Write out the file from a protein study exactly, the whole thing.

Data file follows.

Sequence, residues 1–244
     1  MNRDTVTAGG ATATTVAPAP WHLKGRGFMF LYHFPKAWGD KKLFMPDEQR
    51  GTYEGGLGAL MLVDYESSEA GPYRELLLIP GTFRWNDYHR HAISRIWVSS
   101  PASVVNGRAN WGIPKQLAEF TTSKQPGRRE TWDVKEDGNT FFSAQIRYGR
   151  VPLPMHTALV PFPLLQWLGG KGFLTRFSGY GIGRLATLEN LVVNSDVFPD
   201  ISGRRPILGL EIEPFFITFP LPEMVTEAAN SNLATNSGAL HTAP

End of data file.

Sequence, residues 1–244
     1  MNRDTVTAGG ATATTVAPAP WHLKGRGFMF LYHFPKAWGD KKLFMPDEQR
    51  GTYEGGLGAL MLVDYESSEA GPYRELLLIP GTFRWNDYHR HAISRIWVSS
   101  PASVVNGRAN WGIPKQLAEF TTSKQPGRRE TWDVKEDGNT FFSAQIRYGR
   151  VPLPMHTALV PFPLLQWLGG KGFLTRFSGY GIGRLATLEN LVVNSDVFPD
   201  ISGRRPILGL EIEPFFITFP LPEMVTEAAN SNLATNSGAL HTAP